In Pennsylvania, Something's Always Going On with Public Banking

With new news of public banking advances in different states and cities coming almost weekly, it's easy to lose sight of ongoing progress in Pennsylvania, where the very first Public Banking Institute conference took place in 2012, and where public banking advocacy is constantly happening throughout the state. But according to Mike Krauss, Pennsylvania, and specifically Philadelphia, continues to be a nexus for the public banking movement.

According to Krauss, chair of the Pennsylvania Public Bank Project, a public bank has taken a new step towards realization in the city of Philadelphia. At a large public meeting last week, City Council member Wilson Goode, and candidate for Council Sherrie Cohen, made a presentation advocating a Philadelphia public bank initiative. Subsequently, Councilwoman-at-large Blondel Reynolds Brown indicated her support, while other Council members indicated interest.

Last year, Pennsylvania Project adviser John Hemington Jr. reported that public banking efforts were emerging in several places throughout the state: "Initiatives for public banks have or will be proposed in Philadelphia, Reading, Luzerne County and Pittsburgh, and more are popping up around the commonwealth and the nation as people learn just how effective these banks can be for local and county governments and their residents."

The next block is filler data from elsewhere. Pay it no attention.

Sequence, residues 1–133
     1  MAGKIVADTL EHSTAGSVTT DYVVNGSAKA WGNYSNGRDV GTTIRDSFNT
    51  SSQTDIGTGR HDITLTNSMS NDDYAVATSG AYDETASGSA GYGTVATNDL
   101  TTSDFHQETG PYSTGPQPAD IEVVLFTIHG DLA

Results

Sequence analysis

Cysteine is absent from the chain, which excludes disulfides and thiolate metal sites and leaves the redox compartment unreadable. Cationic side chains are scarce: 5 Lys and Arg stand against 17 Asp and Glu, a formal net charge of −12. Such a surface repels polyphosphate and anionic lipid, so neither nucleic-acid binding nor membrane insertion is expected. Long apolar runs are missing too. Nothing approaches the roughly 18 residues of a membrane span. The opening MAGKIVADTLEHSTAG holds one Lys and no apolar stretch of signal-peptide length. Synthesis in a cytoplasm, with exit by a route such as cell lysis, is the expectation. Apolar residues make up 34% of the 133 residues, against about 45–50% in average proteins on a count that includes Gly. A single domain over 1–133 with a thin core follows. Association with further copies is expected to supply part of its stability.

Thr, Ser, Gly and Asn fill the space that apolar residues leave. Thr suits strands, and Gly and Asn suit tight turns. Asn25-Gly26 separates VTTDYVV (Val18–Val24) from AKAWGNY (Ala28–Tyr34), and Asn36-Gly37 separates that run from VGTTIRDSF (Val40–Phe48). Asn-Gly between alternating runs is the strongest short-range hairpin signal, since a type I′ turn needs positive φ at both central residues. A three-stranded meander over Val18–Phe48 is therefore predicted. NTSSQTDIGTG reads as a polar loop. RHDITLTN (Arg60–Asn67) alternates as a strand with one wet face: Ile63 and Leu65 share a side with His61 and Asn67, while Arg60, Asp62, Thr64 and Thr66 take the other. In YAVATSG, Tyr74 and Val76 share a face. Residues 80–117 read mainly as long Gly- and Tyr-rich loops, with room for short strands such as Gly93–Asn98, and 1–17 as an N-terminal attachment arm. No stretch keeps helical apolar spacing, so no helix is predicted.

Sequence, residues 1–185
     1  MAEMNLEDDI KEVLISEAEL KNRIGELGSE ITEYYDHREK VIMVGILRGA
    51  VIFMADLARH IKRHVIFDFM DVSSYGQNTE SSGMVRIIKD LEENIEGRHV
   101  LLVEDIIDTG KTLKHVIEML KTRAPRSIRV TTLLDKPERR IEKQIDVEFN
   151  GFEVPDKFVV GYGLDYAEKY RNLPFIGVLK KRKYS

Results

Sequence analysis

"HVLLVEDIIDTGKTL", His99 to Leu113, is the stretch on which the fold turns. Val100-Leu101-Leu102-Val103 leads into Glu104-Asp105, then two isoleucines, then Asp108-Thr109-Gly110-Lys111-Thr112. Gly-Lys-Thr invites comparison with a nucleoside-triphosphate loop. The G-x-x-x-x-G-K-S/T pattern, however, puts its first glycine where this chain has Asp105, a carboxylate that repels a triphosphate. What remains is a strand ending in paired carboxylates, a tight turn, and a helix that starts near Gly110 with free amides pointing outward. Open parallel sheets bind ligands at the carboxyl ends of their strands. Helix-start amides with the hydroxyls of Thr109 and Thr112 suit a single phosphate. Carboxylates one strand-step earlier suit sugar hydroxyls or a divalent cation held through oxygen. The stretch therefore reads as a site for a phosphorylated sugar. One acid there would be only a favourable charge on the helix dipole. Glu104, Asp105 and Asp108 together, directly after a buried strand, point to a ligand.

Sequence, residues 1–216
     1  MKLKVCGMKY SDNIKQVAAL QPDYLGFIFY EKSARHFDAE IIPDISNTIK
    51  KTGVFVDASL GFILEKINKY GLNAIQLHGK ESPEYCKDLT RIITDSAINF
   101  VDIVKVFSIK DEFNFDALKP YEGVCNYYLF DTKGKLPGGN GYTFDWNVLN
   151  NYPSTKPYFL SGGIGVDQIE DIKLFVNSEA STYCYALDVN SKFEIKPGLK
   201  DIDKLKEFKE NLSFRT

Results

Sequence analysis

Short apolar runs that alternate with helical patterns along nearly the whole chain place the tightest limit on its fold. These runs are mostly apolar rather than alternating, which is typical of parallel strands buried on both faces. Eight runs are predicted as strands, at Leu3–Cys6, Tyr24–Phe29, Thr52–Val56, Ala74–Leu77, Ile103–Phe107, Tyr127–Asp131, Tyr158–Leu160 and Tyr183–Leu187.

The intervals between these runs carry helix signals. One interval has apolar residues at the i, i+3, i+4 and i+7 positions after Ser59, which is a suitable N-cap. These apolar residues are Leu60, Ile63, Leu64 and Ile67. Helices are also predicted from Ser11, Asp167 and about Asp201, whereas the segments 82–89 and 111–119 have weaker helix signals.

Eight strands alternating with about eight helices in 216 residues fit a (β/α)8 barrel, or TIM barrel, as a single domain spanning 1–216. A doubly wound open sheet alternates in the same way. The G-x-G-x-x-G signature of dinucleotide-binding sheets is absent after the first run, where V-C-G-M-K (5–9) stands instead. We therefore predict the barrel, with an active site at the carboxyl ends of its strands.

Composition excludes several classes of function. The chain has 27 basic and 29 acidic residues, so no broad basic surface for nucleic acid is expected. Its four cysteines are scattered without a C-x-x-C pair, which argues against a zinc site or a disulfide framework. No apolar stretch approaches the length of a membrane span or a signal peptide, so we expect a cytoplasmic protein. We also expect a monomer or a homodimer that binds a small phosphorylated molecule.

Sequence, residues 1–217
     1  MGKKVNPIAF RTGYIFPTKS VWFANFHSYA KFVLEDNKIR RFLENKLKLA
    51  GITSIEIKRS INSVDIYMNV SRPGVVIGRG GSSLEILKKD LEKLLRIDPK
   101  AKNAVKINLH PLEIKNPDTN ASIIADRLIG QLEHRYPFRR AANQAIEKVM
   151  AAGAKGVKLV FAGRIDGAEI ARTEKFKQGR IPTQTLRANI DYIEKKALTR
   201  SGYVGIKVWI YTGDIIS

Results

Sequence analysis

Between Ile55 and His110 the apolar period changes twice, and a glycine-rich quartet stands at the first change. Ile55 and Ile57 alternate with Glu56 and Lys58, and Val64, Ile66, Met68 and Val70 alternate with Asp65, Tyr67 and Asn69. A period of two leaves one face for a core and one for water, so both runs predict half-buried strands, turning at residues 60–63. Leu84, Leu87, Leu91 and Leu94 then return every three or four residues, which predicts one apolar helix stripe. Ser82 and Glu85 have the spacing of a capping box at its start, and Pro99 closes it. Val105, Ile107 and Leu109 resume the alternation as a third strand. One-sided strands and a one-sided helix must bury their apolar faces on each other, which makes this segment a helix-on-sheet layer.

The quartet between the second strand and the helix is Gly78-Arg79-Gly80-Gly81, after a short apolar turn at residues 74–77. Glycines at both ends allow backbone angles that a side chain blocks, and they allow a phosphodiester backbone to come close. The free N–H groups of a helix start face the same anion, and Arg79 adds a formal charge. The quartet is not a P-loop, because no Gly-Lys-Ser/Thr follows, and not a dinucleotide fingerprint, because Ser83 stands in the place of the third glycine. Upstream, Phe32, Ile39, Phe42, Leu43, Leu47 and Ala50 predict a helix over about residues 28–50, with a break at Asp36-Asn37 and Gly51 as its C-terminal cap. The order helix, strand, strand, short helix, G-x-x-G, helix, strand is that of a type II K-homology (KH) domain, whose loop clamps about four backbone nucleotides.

In Reading, as reported by Abby Sher at the beginning of the year, a forward-thinking Mayor, Vaughn Spencer, has a number of projects in mind, and a public bank is a cornerstone of that agenda:

This localist agenda is part of Mayor Spencer’s ambitious program to create a fairer and more sustainable local economy whose businesses stay put and where money spends more time circulating locally among networked enterprises. His administration is promoting worker cooperatives, energy efficiency, public banking, a local “food shed” and urban agriculture, remunicipalization of jobs (like the Socialists before them), and creating new jobs by reclaiming the city’s waste. No other current city administration in the United States, to my knowledge, is embracing such a broad range of “solidarity economy” strategies (although Spencer himself doesn’t use that specific term) to promote the well-being of its residents. And few other city administrations also face such steep challenges.

An important tool in the Pennsylvania coalition's toolbox has been a well-assembled document put together by the Pennsylvania Public Bank Project and Hub Public Banking (of Boston)--a document entitled "Benefits for Cities and Municipalities of a Public Bank." It's available for download here.

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